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Early this morning the boom truck arrived at the corner of Poipu and Ho’owili Road. The Ki’i statues arrived on Kauai earlier this week, thanks to the cultural assistance from Young Brothers Shipping. Since then the Ki’i have been carefully watched day and night by the guardians of Hui Malama O Kaneiolouma.

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Makahiki champions Keao Ne Smith, Kaina Makua and Peleke Flores watch as the third of four kii are being installed, Saturday at Ke Kahua O Kaneiolouma in Poipu.

Source: Dennis Fujimoto, The Garden Island

James Kanani Kaulukukui Jr. of the Big Island was called on to carve the Ki’i. “It was a real honor to be able to do this project,” Kaulukukui said while intently watching the installation. “The Ki’i are carved out of ohia.”

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Source: KHON2 News


For decades, it was hidden beneath thick kiawe, hale koa, and overgrown weeds. It’s an ancient Hawaiian village in Poipu, Kauai that was once home to warriors who fought against Kamehameha The Great.

“This particular place Kaneiolouma is a very special, spiritual, a sacred place here on our island,” Kauai Mayor Bernard Carvalho said.

In 2010, the group Hui Malama O Kaneiolouma was granted official stewardship of the complex by Kauai County. Grant funds to do initial work.

“This complex is the only complex that is fully intact that has never been destroyed by man,” said Rupert Rowe with Poo Kaneioloumu. “It is a complex made out of fishponds, taro patch, living area.”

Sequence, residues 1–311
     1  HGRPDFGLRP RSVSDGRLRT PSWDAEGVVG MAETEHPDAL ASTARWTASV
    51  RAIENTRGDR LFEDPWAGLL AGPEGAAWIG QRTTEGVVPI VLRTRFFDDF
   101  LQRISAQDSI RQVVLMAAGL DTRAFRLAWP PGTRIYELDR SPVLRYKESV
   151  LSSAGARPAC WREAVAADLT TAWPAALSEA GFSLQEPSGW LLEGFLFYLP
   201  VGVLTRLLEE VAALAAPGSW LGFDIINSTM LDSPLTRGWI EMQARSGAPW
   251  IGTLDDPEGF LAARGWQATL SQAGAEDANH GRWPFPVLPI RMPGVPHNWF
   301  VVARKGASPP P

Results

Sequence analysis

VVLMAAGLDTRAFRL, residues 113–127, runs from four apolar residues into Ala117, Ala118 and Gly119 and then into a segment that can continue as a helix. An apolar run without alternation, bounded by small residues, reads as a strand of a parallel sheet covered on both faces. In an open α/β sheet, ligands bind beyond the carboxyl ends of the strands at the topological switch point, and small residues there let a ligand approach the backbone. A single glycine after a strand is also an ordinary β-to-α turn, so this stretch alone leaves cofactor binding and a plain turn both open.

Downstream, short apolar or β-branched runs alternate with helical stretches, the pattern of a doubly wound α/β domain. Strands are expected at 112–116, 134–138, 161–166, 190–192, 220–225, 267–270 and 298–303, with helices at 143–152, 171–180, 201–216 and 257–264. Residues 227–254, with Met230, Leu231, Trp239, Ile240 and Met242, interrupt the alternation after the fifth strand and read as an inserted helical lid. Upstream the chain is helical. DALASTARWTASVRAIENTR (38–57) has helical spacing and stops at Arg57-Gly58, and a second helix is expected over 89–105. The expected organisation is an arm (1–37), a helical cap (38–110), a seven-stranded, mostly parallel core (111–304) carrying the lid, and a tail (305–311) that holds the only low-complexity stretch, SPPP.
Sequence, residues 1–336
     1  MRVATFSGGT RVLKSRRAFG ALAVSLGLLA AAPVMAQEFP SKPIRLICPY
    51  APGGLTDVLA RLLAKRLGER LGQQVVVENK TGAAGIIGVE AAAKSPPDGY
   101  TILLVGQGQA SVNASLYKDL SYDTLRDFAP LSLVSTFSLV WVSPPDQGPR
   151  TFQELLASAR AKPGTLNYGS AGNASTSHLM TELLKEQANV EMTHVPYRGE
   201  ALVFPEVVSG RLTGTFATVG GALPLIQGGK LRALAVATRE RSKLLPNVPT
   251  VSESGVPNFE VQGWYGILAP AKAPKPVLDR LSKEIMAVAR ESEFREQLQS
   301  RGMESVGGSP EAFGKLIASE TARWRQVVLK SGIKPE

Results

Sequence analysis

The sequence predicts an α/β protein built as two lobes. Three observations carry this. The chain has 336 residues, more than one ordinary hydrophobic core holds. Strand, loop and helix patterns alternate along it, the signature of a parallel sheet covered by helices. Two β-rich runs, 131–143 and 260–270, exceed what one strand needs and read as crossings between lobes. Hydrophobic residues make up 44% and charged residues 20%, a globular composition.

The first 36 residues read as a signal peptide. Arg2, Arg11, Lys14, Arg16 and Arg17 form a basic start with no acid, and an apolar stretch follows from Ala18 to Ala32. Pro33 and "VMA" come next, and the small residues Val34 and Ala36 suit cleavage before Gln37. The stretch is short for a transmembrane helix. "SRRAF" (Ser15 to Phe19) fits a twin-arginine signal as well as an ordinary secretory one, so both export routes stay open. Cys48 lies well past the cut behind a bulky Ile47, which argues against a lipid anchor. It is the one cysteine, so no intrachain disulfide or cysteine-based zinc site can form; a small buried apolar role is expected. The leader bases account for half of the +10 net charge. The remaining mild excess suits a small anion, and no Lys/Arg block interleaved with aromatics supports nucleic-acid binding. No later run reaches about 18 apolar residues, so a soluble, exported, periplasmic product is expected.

But few knew about the complex even though it was steps away from world-famous Poipu Beach. That changed 16 years ago when a small group of volunteers started to clear the land. The goal was to fully restore the village physically and spiritually.

“We sit idle too much and watch these ruins become ruins and don’t look at its importance as perpetuating these place, then all it’s going to be is just a forgotten tale,” High Chief of Maui Keeaumoku Kapu said.

The completed master plan will include educational programs and a world-class Hawaiian cultural center.

“Kaneiolouma can be an economic stimulus as well as a perpetual opportunity to look at how you can bring the communities together,” Kapu said.

On Saturday, kii or tiki will be raised in a sacred private ceremony.

“Having our generations today understand its importance as to why these places need to co-exist within the character and identity of the people of this place because this is us, this is part of us,” Kapu said.

Full restoration is expected to be completed by 2015.

“We have begun the process, the restoration has begun, the momentum is moving, resources are coming. This is Kauai’s gift to the world,” Mayor Carvalho said.

Watch video on KHON2 »

Phase One of the Manokalanipo perimeter security wall is near completion, and there is a new constructed platform and signage at the corner of Poipu and Ho’owili Road. 

On Saturday morning, July 20, the Ki’i wooden ceremonial statues will be placed on this platform. These hand-carved 16 foot tall Ki’i are the Hawaiian gods Kāne (the god of the sky and creation), Kū (the god of war and male pursuits), Lono (the god of peace, rain, and fertility) and Kanaloa (the god of the ocean). The statues represent the four corners of Honua, the pillars in ancient Hawaiian astronomy.